Springing from farm to wild and back again


Pair of Sandhill Cranes. NPS/Patrick Myers

This May marks my 5th anniversary of walking first irrigation water down this land. Today is the first year I’ve truly heard the spring call of a pair of sandhill cranes. I remember being on the Two Creek Ranch in Montana’s Blackfoot Valley last spring with a student film crew as they recorded “ranch tone” while the cranes flew overhead. Their call sounded unremarkable to me at the time.

But today, as I admired how the no-till practices that have left our corrugations cluttered with last season’s debris slow the trickle of water down this sloping field, the call of this pair of cranes reached deeper. It sounded crisper. I stopped and watched the pair circle overhead before settling down in nearby Deer Creek.

Each growing season, I learn to appreciate something new on the farm. Last year, after spending a winter playing single mom as my husband traveled for winter work, I appreciated the quiet of setting water together that spring brought with the return of my husband. The return to the fields nourished my soul, as the spring prior, I tended to our infant daughter Kaia indoors while Grant tended the fields. The year before that, 2017, I acquired a new perspective on the abundance of life on our farm, as I grew a new life for my own little family. The year before that, my first summer living in the Northern Rockies, I struggled with the twice daily chore of setting water. The wanderlust that is a part of my soul – that has taken me from Texas to New Zealand to Washington to Japan to Austria to California to Argentina – left me wanting to explore the mountains encircling my new home in Wyoming’s Bighorn Basin. I had not yet set roots into the sandy loam, but my visits the previous year in 2015 had taught me that there were gold nuggets hidden in this soil. The warm welcome of neighboring farmers as I waited in line to deposit the season’s barley at the Briess elevator in Ralston evinced a promise of community.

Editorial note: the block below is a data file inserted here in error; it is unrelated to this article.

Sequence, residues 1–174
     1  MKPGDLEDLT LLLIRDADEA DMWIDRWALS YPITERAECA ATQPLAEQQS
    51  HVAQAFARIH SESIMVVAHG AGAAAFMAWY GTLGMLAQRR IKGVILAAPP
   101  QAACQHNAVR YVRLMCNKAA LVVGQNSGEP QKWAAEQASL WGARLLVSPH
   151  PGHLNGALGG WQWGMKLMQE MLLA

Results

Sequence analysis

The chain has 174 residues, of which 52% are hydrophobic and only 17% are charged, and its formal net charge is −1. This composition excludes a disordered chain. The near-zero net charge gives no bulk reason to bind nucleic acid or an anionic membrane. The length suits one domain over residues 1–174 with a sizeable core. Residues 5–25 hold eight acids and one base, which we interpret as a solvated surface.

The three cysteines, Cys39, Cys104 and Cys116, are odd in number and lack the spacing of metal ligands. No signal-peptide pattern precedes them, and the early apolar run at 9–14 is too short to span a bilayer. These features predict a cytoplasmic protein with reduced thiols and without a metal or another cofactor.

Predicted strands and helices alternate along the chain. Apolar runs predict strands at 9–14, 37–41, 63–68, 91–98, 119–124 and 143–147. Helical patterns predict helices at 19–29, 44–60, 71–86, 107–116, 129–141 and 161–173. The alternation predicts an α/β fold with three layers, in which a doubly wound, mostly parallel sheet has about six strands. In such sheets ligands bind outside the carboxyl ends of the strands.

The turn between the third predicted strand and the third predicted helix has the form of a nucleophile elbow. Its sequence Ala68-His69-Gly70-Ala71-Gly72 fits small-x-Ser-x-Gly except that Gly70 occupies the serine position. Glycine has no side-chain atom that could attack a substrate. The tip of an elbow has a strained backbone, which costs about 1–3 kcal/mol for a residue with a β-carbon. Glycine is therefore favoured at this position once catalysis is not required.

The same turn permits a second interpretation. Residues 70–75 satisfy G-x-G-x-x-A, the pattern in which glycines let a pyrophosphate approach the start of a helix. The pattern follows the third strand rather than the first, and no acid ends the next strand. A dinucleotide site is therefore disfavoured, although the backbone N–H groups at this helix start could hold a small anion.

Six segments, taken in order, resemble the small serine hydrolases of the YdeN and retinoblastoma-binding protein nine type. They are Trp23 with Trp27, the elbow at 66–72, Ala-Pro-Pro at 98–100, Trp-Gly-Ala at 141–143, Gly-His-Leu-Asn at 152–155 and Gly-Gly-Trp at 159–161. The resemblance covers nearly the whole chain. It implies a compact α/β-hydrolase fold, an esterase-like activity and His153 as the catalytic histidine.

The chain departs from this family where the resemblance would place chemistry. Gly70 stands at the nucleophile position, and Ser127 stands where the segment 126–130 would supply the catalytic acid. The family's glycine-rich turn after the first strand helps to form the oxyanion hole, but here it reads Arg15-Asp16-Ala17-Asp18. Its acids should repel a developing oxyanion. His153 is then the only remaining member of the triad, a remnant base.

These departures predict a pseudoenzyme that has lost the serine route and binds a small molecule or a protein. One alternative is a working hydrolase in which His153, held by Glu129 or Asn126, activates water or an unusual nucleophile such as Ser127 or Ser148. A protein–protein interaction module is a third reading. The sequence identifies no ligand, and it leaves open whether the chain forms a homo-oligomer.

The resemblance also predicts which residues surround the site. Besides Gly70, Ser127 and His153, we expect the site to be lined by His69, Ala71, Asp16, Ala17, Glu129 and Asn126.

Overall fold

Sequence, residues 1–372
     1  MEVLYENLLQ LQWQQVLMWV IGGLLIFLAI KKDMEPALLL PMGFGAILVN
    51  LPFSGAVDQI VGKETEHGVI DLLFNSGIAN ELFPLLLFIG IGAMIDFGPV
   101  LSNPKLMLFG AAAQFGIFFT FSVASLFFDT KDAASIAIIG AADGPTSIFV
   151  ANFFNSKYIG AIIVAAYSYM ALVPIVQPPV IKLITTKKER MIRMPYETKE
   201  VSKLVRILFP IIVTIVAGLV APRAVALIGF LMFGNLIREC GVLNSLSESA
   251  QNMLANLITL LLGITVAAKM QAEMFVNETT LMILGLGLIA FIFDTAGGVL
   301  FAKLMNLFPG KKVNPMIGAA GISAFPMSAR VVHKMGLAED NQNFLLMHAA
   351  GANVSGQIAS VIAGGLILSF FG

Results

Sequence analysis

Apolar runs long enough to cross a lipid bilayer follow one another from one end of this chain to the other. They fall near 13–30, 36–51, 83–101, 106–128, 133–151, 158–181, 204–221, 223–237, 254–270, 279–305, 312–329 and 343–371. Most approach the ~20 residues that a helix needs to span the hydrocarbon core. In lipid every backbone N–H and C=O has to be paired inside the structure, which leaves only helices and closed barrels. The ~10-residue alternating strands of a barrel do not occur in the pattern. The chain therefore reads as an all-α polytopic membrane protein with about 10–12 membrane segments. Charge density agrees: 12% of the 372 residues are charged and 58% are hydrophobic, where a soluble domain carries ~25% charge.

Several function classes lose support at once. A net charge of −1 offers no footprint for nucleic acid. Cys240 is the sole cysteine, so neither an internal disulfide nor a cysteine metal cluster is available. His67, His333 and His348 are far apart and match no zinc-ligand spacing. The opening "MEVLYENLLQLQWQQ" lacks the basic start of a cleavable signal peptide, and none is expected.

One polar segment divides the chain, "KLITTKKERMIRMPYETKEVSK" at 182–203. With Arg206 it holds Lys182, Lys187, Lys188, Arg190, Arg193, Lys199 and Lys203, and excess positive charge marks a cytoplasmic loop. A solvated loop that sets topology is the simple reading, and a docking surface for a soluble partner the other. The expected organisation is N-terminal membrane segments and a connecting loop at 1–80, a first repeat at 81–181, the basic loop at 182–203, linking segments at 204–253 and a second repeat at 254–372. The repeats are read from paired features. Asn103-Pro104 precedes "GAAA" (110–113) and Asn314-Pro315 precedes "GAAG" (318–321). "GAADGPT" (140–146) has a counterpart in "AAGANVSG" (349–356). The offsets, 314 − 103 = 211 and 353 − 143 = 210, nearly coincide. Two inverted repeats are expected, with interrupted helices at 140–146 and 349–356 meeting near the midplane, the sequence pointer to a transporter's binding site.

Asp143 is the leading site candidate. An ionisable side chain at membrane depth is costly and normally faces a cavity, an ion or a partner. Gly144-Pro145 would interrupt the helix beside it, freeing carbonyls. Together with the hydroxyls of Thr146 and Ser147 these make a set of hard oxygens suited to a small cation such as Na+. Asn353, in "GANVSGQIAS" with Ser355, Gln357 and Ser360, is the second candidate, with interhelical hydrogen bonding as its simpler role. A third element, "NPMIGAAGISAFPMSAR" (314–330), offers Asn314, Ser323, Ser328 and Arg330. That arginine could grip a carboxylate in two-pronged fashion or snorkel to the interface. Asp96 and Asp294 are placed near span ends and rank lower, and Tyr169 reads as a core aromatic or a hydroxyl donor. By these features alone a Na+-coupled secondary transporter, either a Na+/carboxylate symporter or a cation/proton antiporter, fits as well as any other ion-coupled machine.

Cattle and the stewards that tend them maintain this ecosystem and the sparse dispersed rural community, through the livelihoods—human, plant, and animal—they create. 

Alex Few

Now 5 years and a baby later, the call of that pair of Sandhill Cranes lingers in my heart. As I looked across the burgeoning hay, I remembered that the neighbor’s daughter had spotted a grizzly bear sow with two cubs along the Shoshone River from the field’s edge in 2018. I thought about the guilds of flora and fauna missing from this landscape. The ecosystem here is heavily altered by man. Water flows through corrugations laid into the soil by big iron. Tractors will traverse this field 10 to 15 times this season to harvest hay that will ultimately feed cattle and horses from Pennsylvania to Texas, along with local livestock. The landscape gets progressively more wild as you follow this river for 70 miles to the end of the road up the South Fork. There, elk, deer, pronghorn and cattle fill the ungulate niche. Hay is mostly harvested by incisors, not iron, and my wanderlust is soothed. 

The ranches of the South Fork support families as well as an intact ecosystem – a fact often overlooked as one peers across the divide into rural communities. Cattle fill most of the void left by bison, although you can still find some of the iconic beasts – wild and domestic – in neighboring drainages. The ranches, a patchwork of public and private lands, support some of the most well documented migrations of elk out of Yellowstone National Park and the full suite of carnivores, now restored. Cattle – and the stewards that protect them and the land – maintain this ecosystem and the sparse, dispersed rural community through the livelihoods they create.  

The Shoshone River east of Cody, Wyoming.

Back at home on our family farm, I can feel that my roots have grown deeper. I think about adding cattle to bring natural processes back to this heavily tread soil. My husband now talks of using cover crops as a solution to get water across rocky spots, and he still dreams of adding “bird habitat” near a spring along one field’s western edge. I believe we all have some innate desire for the wild, and I feel fortunate to have my knowledge of the path agriculture can provide to biodiversity rooted, tended, and grown by personal experience.

Rangeland monitoring – why to monitor and resources to get you started

The value of monitoring land attributes are generally known among land stewards. The greatest value is in gaining an understanding of the soils, plants and animals you manage, documenting that information and then using that information to guide future decisions.

We’re in this together

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